In 1968 while studying and becoming proficient in the Spanish language, the first foreign GYE missionaries visited small ranches and villages in the Guadalajara area. Then in 1969 with the Mexican training center established in a suburb of the city, GYE'S "Missionary Intern Program" was established. Youth groups from the U. S. were invited to travel to Mexico for intense training in missionary principles and practical ministry. Activities of literature distribution and evangelism were coordinated with local missionary efforts and resulted in placing new converts into existing churches as well as the establishment of new works.
As a result of years of evangelism and prayer, God began to call out young men and women to a life of full time service, and the need for a Bible Institute in Mexico became apparent. In 1975 a one year Bible institute was established at Guadalajara. This was patterned after the one already in operation at our missionary training center at Los Gatos, California. However, in 1977 the Bible school and staff moved from Guadalajara, Jalisco to Ensenada, Baja California which is located about 80 miles South of the border city of Tijuana, Mexico. This move was made in order to better coordinate the activities in Mexico with those in the U. S. Once established after the purchase of property in Ensenada, the "Missionary Intern Program" was reinstated. Youth groups from around the U. S. traveled to Ensenada for 5 days of intensive training and first-hand missionary experiences. As a result of their Missionary Intern experience, many of the young people later entered into full time ministry. Currently the Bible Institute at Ensenada continues to train Mexican men and women as pastors and workers for the kingdom of God.
The story of the missionary sailing vessel Morning Star had its beginnings in the mid-1800s. The first Morning Star sailing vessel was built in Boston with donations from many Sunday School children in order to service the missionary efforts in the islands of the Pacific. The Lord used this vessel to ferry the first missionary to the Marshall Islands and through a series of providential events, introduced for the first time, the Gospel of Jesus Christ to the people of the Marshall Islands. Throughout the following decades (covering almost 100 years) several Morning Star vessels were used in missionary work among these same Pacific islands. A book published in 1866 tells the story of the first Morning Star as it ferried the first missionary with the gospel of Jesus Christ to the primitive people of the Marshall Islands. We later discovered that there have been eight missionary vessels that carried the good news of the gospel to the islands of the Pacific.
It is the last Morning Star , that was built in 1976-77 by Global Youth Evangelism that we describe now. In the mid 1970s without any previous knowledge or connections with the other missionary vessels named Morning Star, the leadership of Global Youth Evangelism felt led by the Holy Spirit to build the Morning Star for the purpose of sailing to the Marshall Islands. However, the first extended missionary trip to the Pacific did not include the Marshall Islands. Instead, in the late seventies, she visited the Samoan and Tongan Islands with stops in Hawaii. Then in early 1982, without knowing the full reasons for the trip but sensing that "God was in it", preparations were made to sail to the Marshall Islands. During the six month preparation time, which included painting and installation of new equipment, the crew was aware of a constant urging and providential provisions of supplies. A clear understanding of the purpose for the Morning Star's building and trip to the Marshall Islands became apparent at the close of a small church service on the Marshall Island atoll Ebon, Ebon. An elderly Christian gentleman came forward and through an interpreter expressed his gratitude to God for the return of the Morning Star to the Marshall Islands. He expressed, "Now I know that there is a God in heaven who hears and answers prayer." When asked if he had been praying for the Morning Star to return to his islands, he responded in the affirmative. Like a bolt of spiritual lightening the Lord spoke to our hearts and said: "You now have your answer. This is the reason you brought the Morning Star to the Marshall Islands, to be the answer to this man's prayer." We will never forget the impact of that experience! God loves His servants so much that He will interrupt the lives of dozens of people at a cost of thousands of dollars in order to answer the prayers of His loved ones. In the second phase of the Morning Star's missionary service, she was used to ferry tons of Bible study materials to Central and South America and Puerto Rico over a period of about 2½ years. Then after a period of about 1½ years of non-service, the Morning Star entered into her current phase of missionary service.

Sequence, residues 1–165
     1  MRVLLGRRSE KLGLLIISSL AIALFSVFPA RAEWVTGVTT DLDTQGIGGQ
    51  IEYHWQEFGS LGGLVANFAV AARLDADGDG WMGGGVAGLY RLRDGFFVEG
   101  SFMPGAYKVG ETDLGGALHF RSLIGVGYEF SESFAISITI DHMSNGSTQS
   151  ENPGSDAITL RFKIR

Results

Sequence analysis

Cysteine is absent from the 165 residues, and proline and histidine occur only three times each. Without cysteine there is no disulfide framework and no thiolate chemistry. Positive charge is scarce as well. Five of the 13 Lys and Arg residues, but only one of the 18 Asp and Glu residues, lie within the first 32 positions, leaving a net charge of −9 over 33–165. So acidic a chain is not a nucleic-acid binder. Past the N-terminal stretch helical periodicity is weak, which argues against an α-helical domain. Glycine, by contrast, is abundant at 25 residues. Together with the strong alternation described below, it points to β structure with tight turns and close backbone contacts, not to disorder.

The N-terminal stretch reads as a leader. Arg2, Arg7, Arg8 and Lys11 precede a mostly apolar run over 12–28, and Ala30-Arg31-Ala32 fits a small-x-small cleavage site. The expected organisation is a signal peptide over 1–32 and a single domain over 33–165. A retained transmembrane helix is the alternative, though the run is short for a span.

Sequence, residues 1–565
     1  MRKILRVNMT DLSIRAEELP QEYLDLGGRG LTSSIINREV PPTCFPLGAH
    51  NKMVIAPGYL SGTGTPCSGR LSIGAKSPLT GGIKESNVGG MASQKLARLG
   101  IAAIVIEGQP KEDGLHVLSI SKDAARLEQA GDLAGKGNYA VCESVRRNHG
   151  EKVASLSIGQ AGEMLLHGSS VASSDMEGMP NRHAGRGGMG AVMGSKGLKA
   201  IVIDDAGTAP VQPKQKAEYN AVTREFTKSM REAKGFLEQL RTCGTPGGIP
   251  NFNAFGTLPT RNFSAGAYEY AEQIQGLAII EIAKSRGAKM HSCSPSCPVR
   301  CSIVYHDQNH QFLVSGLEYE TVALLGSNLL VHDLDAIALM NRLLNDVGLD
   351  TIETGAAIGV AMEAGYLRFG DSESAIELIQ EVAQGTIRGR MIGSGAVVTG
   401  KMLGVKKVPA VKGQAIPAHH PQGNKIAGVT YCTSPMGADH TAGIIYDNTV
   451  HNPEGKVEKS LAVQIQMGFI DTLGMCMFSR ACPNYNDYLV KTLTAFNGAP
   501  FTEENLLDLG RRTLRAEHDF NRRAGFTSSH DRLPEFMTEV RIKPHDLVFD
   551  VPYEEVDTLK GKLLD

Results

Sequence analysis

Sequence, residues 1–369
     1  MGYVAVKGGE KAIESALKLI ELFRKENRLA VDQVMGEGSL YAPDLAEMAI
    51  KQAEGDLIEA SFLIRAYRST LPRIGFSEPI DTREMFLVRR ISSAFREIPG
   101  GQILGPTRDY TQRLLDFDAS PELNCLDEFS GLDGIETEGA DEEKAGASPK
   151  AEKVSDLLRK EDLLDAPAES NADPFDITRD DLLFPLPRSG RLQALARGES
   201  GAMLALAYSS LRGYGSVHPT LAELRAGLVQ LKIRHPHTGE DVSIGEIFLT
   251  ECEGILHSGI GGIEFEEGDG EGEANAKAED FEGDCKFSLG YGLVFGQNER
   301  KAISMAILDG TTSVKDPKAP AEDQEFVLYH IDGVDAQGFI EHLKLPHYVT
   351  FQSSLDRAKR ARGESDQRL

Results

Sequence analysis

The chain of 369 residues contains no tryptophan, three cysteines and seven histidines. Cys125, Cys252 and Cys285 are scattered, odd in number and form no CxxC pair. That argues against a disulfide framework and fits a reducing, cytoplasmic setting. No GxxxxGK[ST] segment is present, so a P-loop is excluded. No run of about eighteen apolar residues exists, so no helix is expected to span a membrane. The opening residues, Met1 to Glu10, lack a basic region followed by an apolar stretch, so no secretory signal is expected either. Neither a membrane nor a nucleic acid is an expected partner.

She is now being used in the Lord's service by the Hellenic Ministries in the Mediterranean area, touching some of the same areas visited by the Apostle Paul during his New Testament missionary travels. The Morning Star continues to be used extensively as a tool for evangelism in fulfillment of the Great Commission. In 2010 the Morning Star sailboat was donated by Global Youth Evangelism to Hellenic Ministries for their continued use in the Mediterranean area. She still faithfully serves the One who berthed the vision to build her and waits the coming of her name sake The Bright and Morning Star! (Rev. 22:16) Even so, come quickly Lord Jesus.